Economynature

In India, the tallest garbage mountain is a nightmare of 16 million tons.

PM Narendra Modi promised that waste treatment plants would soon replace the “mountains of garbage” dotting cities in India. A mountain of rubbish some 18 stories high rises in Mumbai, the western coastal town in India’s south, and it is the oldest and tallest mountain of garbage in the country.

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Farha Shaikh watches the garbage trucks ascend a more than the century-old rubbish mountain in Mumbai every morning.


It has been her lifelong habit to scavenge through these heaps in the suburb of Deonar.
She usually picks up plastic bottles, glass, and wire from the goopy trash in the city’s thriving waste markets. What she looks out for most, however, is broken telephones.

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The trash contains a dead phone every few weeks, which Farha finds. She spends her meagre savings to get the phone fixed. Her evenings consist of watching movies, playing video games, and chatting with friends after the TV comes on.


Farha’s connection with the world outside breaks again when the phone stops working days or weeks again later. Working long days, collecting the city’s remains to sell and looking for a new phone to repair, she is back to her old routine.

Deonar in Mumbai has an 18-storey-high rubbish mountain.

On a sprawling 300-acre site in Deonar, there are more than 16 million tonnes of trash in the country’s most enormous rubbish mountains. There are almost 38 meters of waste towering over the site. The sea forms the outer edge of the mountains, even though slums have been built into the garbage heaps.


By decomposing waste, methane, hydrogen sulfide, and carbon monoxide are released into the atmosphere. Mumbai in 2016 was filled with smoke after a fire raged for months. Indian pollution regulators found in 2011 that landfill fires contributed 11% of the city’s air pollution from particulate matter.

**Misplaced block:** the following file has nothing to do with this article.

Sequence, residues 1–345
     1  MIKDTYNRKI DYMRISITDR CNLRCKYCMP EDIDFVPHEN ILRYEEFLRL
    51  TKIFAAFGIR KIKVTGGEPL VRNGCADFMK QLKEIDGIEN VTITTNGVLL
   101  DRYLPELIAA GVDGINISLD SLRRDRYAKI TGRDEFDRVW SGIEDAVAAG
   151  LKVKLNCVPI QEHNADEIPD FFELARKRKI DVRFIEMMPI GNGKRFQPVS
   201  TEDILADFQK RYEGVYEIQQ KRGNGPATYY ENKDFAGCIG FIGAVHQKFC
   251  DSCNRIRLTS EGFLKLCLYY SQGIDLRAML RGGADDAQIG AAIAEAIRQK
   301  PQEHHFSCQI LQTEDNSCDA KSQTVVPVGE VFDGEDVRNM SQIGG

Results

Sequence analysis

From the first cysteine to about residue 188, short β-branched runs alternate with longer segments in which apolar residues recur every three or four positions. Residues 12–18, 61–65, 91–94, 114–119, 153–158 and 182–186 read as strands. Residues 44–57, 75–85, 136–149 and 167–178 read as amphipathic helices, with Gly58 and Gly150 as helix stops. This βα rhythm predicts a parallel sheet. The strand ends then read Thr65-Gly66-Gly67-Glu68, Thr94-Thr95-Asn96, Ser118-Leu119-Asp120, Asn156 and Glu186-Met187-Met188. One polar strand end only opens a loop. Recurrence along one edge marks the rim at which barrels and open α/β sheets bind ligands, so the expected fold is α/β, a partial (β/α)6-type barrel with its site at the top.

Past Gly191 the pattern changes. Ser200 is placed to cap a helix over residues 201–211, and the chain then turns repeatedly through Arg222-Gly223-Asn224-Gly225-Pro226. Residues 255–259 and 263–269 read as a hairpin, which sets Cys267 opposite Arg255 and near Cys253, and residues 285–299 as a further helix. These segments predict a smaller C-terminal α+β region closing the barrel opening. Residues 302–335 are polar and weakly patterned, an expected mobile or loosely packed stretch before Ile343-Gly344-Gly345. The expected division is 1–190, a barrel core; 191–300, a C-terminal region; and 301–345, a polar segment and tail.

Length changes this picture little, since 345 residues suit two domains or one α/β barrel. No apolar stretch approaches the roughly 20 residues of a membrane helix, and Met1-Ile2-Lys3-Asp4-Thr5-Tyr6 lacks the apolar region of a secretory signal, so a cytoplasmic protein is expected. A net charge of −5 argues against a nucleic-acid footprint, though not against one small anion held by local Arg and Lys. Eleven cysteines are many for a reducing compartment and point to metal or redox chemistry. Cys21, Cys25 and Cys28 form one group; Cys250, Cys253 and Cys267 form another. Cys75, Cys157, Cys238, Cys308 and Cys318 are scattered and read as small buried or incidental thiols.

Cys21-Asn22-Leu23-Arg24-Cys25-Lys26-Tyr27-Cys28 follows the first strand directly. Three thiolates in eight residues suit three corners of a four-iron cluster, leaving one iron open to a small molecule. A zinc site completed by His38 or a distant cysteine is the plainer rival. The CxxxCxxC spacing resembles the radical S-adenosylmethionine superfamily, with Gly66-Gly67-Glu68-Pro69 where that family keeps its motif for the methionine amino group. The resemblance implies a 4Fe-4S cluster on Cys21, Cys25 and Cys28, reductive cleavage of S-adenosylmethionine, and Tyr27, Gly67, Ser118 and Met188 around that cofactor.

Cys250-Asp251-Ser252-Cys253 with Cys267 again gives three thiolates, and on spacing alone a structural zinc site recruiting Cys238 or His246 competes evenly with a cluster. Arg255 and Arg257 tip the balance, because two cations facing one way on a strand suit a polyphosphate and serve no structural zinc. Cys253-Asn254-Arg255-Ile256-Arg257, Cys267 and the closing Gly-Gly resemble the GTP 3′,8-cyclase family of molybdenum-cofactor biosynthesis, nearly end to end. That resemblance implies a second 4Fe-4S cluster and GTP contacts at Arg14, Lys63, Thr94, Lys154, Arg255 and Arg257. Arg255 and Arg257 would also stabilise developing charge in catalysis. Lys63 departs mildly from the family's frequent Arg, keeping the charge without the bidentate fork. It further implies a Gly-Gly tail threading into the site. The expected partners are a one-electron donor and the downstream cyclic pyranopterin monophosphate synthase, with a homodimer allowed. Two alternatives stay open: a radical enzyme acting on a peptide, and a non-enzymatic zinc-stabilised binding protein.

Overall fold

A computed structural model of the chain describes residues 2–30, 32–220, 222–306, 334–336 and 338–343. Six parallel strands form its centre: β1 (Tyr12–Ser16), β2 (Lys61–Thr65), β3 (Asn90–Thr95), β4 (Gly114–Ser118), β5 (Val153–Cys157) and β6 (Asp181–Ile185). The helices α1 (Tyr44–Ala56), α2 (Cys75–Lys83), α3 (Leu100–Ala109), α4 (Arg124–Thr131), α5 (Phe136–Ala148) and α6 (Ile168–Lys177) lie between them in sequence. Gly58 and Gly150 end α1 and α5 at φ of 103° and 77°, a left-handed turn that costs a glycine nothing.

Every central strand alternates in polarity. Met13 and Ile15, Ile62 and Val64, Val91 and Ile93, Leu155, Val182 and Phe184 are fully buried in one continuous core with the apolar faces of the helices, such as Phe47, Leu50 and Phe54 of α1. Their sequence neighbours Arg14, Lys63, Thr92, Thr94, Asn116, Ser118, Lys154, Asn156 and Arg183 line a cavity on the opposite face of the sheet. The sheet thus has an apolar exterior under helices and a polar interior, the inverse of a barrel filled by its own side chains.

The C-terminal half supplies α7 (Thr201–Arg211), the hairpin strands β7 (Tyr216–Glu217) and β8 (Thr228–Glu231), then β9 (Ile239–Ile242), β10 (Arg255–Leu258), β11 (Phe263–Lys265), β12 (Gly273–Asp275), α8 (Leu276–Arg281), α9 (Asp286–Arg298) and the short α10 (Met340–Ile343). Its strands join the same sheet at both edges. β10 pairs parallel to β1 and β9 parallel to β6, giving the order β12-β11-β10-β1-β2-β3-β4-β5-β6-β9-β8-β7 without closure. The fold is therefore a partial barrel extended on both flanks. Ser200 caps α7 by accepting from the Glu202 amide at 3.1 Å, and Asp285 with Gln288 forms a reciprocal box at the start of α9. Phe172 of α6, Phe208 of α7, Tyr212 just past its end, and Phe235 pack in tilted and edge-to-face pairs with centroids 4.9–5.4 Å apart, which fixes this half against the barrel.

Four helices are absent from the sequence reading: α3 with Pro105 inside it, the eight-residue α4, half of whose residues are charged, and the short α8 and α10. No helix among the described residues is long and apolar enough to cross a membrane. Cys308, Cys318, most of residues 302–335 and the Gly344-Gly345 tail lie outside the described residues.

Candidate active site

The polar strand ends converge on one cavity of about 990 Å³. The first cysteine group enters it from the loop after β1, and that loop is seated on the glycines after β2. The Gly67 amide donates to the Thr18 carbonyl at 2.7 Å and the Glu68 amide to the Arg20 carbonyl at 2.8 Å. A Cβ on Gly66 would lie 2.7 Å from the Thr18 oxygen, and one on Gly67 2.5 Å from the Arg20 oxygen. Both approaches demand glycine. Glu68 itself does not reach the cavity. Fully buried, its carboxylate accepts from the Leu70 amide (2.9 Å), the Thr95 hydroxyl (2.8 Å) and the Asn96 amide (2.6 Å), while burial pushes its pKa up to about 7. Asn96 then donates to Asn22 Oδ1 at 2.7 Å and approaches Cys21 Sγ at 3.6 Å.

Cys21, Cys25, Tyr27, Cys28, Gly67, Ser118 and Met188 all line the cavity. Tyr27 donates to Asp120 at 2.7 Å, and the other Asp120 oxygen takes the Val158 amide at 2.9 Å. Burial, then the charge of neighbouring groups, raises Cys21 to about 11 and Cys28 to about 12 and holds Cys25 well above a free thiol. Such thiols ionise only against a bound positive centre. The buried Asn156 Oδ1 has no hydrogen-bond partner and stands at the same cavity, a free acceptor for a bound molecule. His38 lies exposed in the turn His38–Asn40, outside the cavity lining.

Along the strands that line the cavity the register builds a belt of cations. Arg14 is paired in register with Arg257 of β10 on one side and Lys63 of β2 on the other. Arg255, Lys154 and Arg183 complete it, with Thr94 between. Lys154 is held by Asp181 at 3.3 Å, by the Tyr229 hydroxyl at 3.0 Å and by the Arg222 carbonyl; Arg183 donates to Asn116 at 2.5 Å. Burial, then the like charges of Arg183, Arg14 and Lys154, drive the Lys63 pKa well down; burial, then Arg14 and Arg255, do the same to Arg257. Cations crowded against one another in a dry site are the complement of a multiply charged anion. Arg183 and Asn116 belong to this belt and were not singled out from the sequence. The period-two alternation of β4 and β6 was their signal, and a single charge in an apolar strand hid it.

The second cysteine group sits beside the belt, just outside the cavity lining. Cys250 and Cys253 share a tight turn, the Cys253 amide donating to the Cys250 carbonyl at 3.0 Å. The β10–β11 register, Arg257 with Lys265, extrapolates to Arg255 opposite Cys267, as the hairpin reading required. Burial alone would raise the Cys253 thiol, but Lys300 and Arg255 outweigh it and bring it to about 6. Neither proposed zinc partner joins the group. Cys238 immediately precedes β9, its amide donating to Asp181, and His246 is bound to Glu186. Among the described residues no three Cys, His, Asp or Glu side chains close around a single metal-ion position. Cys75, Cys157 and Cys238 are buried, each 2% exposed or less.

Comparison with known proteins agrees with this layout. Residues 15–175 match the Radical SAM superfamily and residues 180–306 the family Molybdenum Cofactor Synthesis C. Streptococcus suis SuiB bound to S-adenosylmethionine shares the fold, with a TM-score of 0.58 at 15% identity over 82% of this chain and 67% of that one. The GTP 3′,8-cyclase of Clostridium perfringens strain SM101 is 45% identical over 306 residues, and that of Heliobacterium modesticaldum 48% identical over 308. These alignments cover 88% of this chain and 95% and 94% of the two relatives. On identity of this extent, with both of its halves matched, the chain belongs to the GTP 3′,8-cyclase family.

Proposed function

In 2020, CSE, a Delhi-based think tank, identified 3,159 such mountains in India that will contain 800 million tonnes of garbage.


An ongoing court case in Mumbai aims to close the Deonar grounds, but waste is still dumped there.


On 1 October, Prime Minister Modi announced that almost $13 billion would be made available for a national cleanliness programme that would gradually provide sewage treatment plants to replace open-air rubbish dumps such as those in Deonar.

Experts are sceptical, however. Siddharth Ghanshyam Singh, deputy program manager at CSE, explains that it is harder to do it at this scale while it has been done in smaller cities.


The Global Alliance for Incinerator Alternatives, a coalition of groups advocating for reduced waste, acknowledges a problem but agrees that if we live in big cities like Mumbai or Delhi, we will have to deal with garbage mountains.

In March 2016, Deonar’s rubbish mountains caught fire

The Indian government has passed legislation requiring municipalities to handle waste since 2000. Nevertheless, most states only report partial compliance, and the number of waste treatment plants is insufficient.


There is only one such plant in Mumbai, the nation’s entertainment and commercial capital with 20 million residents. An energy-from-waste plant is now planned for Deonar.
Several new green jobs are anticipated as part of Mr Modi’s plan. Farha, who has been picking up trash his whole life, is worried about this.

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Following the fires in 2016, accessing the waste mountains has become much more difficult. In the municipality, security has been stepped up so that waste pickers cannot light fires in the waste piles – the flames melt the lighter trash, bringing out high-priced metal.


In many cases, waste pickers who manage to sneak in are beaten, detained, and expelled. Many people enter before the security patrols begin at dawn by bribing the guards. Therefore, Denoar now has fewer segregated grounds – most waste is now kept in the city. As a result, less waste arrives at Deonar.


It has been months since Farha has had a phone.

To enter and work at the Deonar grounds, she must bribe the guards every day with at least 50 rupees ($0.67; £0.49). It even occurred to her to pick through the trash that began arriving from the city’s Covid hospital wards last year to recover it.

Workers in India face growing Covid-19 waste

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The Covid waste is “harmful” to the environment, and her family asked her to stop picking it up. Thus, she watches pickers collect plastic for resale under protective gear in the rain.


The city sent new trash for years, and selectors had to collect and resell it because the mountains had to accommodate it.

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